by Hal Davis
WisDOT Bureau of Aeronautics
Published in Midwest Flyer – February/March 2020 issue
Weather information plays a crucial role during flight planning and in flight. From your local TV meteorologist, to airport-specific observations and forecasts, weather information can be obtained from many sources in written, verbal, and visual formats. As with any information, it is important to understand where this information comes from and its intended purpose before using it for decision-making.
What is Automated Weather Reporting?
Other than glancing at the windsock, automated weather reports are probably the most common source of weather information for pilots. Even if they’ve done nothing else, most pilots will listen to the weather report prior to takeoff or landing, assuming one is available.
Automated weather reporting systems share many similarities and some minor differences. The most common types include:
• Automated Surface Observing System (ASOS)
• Automated Weather Observing System (AWOS)
• Automatic Terminal Information Service (ATIS)
The primary purpose of each of these systems is to identify and report current weather conditions at a particular airport. This is done through a series of specialized sensors, which measure current weather conditions, such as temperature, wind speed, wind direction, cloud height, and visibility. This information is then updated and broadcast on a continuous loop to pilots through an automated recording.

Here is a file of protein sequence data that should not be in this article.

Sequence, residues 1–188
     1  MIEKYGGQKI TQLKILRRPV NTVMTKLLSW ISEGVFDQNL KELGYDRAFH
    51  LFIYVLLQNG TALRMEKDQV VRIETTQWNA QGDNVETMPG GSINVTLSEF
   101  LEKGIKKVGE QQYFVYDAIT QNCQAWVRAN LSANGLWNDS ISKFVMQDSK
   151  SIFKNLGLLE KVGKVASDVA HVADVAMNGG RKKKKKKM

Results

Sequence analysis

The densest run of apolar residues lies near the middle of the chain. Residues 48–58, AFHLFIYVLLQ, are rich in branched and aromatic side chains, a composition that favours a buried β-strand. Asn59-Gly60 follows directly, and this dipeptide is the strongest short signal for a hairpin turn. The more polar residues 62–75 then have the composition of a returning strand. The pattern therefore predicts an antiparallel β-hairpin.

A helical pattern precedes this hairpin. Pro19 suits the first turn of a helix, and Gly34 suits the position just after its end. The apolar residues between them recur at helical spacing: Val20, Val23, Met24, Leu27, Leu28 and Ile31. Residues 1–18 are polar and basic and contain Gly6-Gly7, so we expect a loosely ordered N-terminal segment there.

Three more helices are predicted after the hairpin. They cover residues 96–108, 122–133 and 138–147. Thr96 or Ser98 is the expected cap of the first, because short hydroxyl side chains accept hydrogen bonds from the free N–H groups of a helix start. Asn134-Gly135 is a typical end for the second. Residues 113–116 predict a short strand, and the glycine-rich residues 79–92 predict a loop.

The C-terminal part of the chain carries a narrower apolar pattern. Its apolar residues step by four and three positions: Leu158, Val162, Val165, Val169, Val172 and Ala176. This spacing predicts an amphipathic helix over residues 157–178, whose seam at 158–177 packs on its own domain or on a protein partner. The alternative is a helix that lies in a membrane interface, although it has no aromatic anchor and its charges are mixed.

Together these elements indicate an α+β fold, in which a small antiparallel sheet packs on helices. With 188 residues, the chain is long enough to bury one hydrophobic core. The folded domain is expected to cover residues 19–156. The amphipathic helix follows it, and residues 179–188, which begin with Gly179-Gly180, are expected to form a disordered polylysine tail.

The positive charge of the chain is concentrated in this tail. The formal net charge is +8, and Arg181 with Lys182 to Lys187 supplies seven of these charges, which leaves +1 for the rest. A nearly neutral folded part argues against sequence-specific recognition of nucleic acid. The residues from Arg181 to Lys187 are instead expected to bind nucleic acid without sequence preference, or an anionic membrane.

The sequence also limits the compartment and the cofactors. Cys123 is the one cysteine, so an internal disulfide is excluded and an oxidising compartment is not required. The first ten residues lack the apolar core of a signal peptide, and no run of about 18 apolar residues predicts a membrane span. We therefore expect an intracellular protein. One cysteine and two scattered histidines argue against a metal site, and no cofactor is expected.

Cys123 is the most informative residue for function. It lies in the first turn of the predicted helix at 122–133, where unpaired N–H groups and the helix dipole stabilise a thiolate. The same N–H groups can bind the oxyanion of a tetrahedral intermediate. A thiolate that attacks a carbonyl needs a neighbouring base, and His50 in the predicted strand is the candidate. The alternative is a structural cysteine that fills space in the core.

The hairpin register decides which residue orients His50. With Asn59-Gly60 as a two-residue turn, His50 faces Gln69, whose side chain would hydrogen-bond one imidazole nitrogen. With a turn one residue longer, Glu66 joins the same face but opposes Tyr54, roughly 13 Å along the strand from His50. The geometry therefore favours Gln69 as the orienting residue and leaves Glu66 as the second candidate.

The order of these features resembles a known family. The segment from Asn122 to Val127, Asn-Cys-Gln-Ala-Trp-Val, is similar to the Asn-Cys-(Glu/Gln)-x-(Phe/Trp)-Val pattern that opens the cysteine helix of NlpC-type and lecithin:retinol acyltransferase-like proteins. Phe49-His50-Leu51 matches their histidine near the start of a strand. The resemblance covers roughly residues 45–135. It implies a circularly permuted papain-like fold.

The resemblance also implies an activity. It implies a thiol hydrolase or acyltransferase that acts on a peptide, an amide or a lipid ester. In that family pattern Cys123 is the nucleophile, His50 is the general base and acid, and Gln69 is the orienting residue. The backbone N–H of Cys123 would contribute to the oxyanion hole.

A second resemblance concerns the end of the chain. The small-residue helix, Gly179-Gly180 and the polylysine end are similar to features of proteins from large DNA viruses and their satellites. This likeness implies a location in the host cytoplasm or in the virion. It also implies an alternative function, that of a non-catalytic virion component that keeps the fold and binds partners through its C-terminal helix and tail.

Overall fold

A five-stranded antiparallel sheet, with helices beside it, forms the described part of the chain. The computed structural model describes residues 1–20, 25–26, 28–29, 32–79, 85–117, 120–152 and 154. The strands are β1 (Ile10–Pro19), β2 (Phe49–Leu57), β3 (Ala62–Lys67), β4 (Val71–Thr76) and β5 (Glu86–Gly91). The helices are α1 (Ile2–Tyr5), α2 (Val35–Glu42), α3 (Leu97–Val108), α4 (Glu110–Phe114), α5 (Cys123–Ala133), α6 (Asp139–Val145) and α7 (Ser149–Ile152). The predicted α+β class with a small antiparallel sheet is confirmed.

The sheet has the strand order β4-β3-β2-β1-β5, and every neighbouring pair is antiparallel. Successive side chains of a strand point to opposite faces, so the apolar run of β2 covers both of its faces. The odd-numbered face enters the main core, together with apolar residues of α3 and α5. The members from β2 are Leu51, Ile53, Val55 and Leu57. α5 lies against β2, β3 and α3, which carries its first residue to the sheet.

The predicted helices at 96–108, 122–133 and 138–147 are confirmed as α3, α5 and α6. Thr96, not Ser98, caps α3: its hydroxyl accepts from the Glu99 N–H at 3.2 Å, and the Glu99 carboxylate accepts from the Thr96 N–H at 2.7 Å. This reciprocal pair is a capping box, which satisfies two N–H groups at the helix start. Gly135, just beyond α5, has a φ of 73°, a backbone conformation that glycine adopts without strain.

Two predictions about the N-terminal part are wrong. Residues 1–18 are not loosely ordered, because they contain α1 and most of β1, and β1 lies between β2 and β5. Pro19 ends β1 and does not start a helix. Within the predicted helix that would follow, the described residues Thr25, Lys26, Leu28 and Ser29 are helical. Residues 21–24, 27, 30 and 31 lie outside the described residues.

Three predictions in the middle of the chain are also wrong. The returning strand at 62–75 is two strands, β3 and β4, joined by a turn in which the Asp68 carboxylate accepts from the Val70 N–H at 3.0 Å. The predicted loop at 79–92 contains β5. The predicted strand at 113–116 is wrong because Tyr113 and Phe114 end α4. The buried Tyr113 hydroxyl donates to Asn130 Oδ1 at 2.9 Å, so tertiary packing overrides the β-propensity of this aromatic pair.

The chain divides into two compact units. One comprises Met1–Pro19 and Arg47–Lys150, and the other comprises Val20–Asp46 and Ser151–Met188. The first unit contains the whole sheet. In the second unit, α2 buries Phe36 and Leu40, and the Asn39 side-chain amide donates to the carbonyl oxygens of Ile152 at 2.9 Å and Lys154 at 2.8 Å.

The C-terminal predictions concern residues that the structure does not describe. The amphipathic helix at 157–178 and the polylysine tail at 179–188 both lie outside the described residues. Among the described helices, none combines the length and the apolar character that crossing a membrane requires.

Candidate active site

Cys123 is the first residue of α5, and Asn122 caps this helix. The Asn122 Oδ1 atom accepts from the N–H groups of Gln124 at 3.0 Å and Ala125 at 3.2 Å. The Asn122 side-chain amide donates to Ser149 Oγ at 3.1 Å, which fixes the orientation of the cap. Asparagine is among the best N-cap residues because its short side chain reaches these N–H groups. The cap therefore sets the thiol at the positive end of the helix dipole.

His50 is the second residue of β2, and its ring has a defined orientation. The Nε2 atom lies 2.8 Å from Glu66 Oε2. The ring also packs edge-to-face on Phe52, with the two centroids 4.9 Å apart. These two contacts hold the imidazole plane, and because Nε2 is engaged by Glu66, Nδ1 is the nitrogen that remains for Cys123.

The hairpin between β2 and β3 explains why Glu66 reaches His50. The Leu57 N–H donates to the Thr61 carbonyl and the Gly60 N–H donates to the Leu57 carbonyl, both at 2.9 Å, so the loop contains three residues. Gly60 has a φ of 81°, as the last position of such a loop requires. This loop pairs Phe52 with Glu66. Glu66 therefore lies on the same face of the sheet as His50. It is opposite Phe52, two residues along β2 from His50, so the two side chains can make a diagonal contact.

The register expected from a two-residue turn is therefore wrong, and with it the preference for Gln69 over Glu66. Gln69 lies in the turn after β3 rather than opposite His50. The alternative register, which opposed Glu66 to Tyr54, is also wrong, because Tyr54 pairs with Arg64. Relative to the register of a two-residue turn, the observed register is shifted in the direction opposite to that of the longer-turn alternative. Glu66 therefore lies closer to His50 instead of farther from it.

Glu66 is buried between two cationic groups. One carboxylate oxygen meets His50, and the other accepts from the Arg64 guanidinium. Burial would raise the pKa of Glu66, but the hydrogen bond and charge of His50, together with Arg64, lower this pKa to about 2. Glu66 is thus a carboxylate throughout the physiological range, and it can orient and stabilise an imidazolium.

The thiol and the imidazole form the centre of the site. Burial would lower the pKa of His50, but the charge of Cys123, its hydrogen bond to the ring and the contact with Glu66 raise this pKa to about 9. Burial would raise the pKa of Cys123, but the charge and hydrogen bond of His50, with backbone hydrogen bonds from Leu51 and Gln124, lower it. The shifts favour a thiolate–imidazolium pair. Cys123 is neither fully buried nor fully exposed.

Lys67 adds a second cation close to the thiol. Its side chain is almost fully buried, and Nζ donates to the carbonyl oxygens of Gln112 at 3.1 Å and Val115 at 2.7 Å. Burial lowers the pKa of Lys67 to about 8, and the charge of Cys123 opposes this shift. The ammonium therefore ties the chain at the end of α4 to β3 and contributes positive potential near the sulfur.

Most pilots are accustomed to listening to the recording over the radio. Radio frequencies, as well as the automated weather reporting system type, can be found on several Federal Aviation Administration (FAA) publications, including sectional charts, approach plates, and airport diagrams. Alternatively, you can listen to the recording over the phone. The FAA chart supplement, and other popular third-party aviation resources like ForeFlight and AirNav, will list both the frequency and phone number.
Try it Now!
If you’re not familiar with automated weather reporting systems, here’s a quick way to experience one for yourself. Just call any of the numbers listed below and listen to the automated message. Don’t worry, you won’t have to talk to anyone. Just dial and listen to the looped message.
No matter which service you call, the information given will be in the same order:
1. Airport Name Identification
2. Time of Report (in Zulu time aka Universal Time Coordinated aka Greenwich Mean Time)
3. Wind Direction and Speed
5. Sky Condition
6. Temperature and Dew Point
7. Altimeter (i.e. Atmospheric Pressure)
8. Additional Remarks
AWOS and ASOS
To the end user, both AWOS and ASOS weather reporting systems are functionally the same. The only real differences are behind the scenes. For instance, the methodologies for deriving various readings may vary by the specific equipment and software installed. Another primary difference is who owns and maintains the equipment. AWOS are systems owned by the airport and are typically acquired with FAA funding assistance. In Wisconsin, the state administers and funds a statewide AWOS maintenance program to keep the systems in working order. There are 51 AWOS-equipped airports in Wisconsin.
These systems are further classified depending on their capabilities as follows: